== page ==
Safety Label Format Solutions for Solving Complex Messaging Challenges

This entry is part 3 of 3 in the series Safe­ty Labels

Safety Label Messaging Basics

Safe­ty label design fol­lows three prin­ci­ples:

  1. Iden­ti­fy the haz­ard
  2. Iden­ti­fy the like­ly degree of injury that could occur
  3. Instruct the read­er about ways to avoid injury

Design­ing warn­ings seems a sim­ple task. How­ev­er, users may not be Eng­lish speak­ing or lit­er­ate. Depend­ing on the juris­dic­tions where your prod­uct will be mar­ket­ed, like the EU, text may not be desir­able, so pic­to­graph­ic labels may be the most appro­pri­ate choice.

Complex Content

The con­tent for your prod­uct safe­ty label becomes com­plex when there are sev­er­al ele­ments involved in explain­ing what the haz­ard is and how to avoid it. But, with the lat­est update to ISO 3864–2 came a sig­nif­i­cant mod­i­fi­ca­tion to the stan­dard that pro­vides a solu­tion to con­sid­er in these sit­u­a­tions: the new “word­less” for­mat that con­veys risk sever­i­ty.

Example of the new “wordless” safety label format option allowed by ISO 3864-2:2016.
Exam­ple of the new “word­less” safe­ty label for­mat option allowed by ISO 3864–2:2016. (Label design ©Clar­i­on Safe­ty Sys­tems. All rights reserved.)

The word­less label for­mat uses what ISO calls a “haz­ard sever­i­ty pan­el” but no sig­nal word. In place of words, the lev­el of risk is com­mu­ni­cat­ed through colour-cod­ing of the haz­ard sever­i­ty pan­el. ISO-for­mat­ted sym­bols as well as what ISO calls “sup­ple­men­tary safe­ty sym­bols” – sym­bols with­out an ISO-col­ored sur­round shape – can be used.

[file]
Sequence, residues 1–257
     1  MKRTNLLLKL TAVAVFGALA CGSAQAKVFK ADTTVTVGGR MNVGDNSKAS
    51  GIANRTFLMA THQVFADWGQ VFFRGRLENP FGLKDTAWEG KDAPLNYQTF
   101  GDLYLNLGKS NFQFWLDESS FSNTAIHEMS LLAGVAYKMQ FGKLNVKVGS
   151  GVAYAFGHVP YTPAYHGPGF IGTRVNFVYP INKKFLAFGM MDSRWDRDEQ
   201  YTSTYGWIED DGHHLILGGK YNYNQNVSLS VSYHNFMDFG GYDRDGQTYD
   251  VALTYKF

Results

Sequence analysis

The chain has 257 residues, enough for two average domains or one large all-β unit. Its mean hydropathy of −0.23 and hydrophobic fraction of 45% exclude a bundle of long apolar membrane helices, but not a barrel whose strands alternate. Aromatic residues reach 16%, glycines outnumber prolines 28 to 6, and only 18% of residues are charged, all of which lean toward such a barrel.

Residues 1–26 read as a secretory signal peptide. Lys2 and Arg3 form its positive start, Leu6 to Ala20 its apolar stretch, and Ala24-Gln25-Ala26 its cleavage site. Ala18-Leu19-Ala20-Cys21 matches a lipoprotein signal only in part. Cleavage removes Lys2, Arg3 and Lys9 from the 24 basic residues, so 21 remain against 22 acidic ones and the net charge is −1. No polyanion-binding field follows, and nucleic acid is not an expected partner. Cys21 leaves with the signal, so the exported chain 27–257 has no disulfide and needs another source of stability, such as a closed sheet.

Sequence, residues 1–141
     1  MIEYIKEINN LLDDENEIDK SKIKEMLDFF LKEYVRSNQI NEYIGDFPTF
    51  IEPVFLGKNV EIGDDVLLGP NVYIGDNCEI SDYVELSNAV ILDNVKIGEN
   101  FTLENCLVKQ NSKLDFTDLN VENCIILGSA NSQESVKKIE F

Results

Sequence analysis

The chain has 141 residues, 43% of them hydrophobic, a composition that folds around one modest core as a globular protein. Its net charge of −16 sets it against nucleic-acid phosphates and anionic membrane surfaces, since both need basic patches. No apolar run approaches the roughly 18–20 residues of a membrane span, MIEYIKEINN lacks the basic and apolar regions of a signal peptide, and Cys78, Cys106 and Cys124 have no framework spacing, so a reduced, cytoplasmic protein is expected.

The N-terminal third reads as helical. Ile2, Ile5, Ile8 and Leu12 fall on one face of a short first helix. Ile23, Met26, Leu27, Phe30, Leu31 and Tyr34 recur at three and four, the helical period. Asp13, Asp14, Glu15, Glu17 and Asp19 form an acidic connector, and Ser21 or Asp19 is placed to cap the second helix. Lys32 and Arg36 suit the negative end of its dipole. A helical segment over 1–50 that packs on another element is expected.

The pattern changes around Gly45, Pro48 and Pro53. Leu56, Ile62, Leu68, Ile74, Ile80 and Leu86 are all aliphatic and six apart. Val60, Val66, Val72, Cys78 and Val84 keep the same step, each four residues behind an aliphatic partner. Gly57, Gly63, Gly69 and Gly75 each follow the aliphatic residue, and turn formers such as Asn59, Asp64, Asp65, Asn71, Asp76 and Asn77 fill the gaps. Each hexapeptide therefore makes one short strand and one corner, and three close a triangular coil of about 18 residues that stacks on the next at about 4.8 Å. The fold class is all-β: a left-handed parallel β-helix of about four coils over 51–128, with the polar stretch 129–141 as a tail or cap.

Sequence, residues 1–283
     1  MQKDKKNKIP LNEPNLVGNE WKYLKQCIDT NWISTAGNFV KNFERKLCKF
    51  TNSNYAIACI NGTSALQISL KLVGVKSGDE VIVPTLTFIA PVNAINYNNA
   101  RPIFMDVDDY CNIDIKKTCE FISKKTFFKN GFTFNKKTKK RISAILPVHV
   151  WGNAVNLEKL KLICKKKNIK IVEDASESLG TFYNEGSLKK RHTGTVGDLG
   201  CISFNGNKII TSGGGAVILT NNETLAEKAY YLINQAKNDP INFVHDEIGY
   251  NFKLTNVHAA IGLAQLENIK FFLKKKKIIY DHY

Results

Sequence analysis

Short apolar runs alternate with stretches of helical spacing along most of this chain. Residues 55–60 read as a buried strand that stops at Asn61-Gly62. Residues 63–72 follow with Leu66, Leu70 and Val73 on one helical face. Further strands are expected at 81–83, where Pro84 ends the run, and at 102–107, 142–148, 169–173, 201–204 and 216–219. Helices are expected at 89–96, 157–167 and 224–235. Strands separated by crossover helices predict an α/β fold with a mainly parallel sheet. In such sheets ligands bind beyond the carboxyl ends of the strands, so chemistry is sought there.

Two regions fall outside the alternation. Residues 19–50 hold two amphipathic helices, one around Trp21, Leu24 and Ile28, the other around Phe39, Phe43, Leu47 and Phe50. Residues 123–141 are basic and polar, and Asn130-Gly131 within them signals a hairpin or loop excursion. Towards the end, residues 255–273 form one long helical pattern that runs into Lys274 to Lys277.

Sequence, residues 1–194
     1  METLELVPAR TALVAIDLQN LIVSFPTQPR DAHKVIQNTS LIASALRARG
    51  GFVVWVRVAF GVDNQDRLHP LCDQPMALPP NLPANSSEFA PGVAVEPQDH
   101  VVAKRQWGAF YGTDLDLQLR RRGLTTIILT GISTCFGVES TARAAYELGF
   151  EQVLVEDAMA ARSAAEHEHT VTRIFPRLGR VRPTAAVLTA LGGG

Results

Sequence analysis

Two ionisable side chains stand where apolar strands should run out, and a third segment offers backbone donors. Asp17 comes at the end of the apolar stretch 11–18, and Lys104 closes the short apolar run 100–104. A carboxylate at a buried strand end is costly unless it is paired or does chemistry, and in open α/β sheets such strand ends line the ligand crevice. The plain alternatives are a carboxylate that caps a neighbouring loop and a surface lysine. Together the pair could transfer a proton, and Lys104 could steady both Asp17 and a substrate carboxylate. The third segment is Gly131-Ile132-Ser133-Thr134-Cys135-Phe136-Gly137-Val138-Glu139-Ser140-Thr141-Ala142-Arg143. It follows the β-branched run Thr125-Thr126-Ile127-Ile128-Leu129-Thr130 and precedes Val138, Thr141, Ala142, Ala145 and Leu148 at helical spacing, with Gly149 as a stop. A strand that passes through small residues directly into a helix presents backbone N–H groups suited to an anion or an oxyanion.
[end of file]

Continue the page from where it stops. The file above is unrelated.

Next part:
Example: Grill Industry Safety Label

As an exam­ple, let’s look at a label design cre­at­ed here at Clar­i­on as part of Clarion’s work with ISO/TC 145.

When the bar­beque grill indus­try need­ed a safe­ty sym­bol that would warn peo­ple not to use grills in enclosed spaces, Clar­i­on vol­un­teered its design department’s skills to devel­op a new label design. The new label uses the ISO 3864–2:2016 word­less for­mat.

Example Grill Industry Wordless Safety Label
Exam­ple Grill Indus­try Word­less Safe­ty Label (Label design ©Clar­i­on Safe­ty Sys­tems. All rights reserved.)

The new safe­ty label design includes a haz­ard sever­i­ty lev­el pan­el at the top. Below the sever­i­ty label pan­el are five sym­bols: a safe­ty sym­bol that defines the nature of the haz­ard, and four “sup­ple­men­tary” safe­ty sym­bols. The sup­ple­men­tary sym­bols give instruc­tions about “mis­us­es” and “prop­er use” to help keep peo­ple safe. Much like the graph­i­cal instruc­tions used in air­craft emer­gency instruc­tions, the bar­beque grill prod­uct safe­ty label uses mul­ti­ple graph­ics in a pro­gres­sive­ly illus­trat­ed design to com­mu­ni­cate a com­plex mes­sage.

Learn More

There are mul­ti­ple for­mat options allowed by the ANSI and ISO stan­dards, and it’s impor­tant to under­stand your choic­es – like this word­less option – so you can make the best deci­sions for your prod­ucts or mar­ket. To learn more about how the word­less for­mat can help solve com­plex mes­sag­ing chal­lenges, you can read Clarion’s recent arti­cle on this blog and the fea­ture arti­cle in the Octo­ber 2017 issue of InCom­pli­ance Mag­a­zine.

Get Help

Unsure where to start? Clar­i­on is avail­able to help. For more infor­ma­tion on effec­tive prod­uct safe­ty label­ing and resources that you can put to use today, vis­it www.clarionsafety.com. Clar­i­on also offers com­pli­men­ta­ry safe­ty label assess­ments, where we use our expe­ri­ence with the lat­est stan­dards and best prac­tices to assess your labels and ensure that they’re up-to-date in meet­ing today’s require­ments.

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Acknowl­edge­ments: Clar­i­on Safe­ty Sys­tems, LLC
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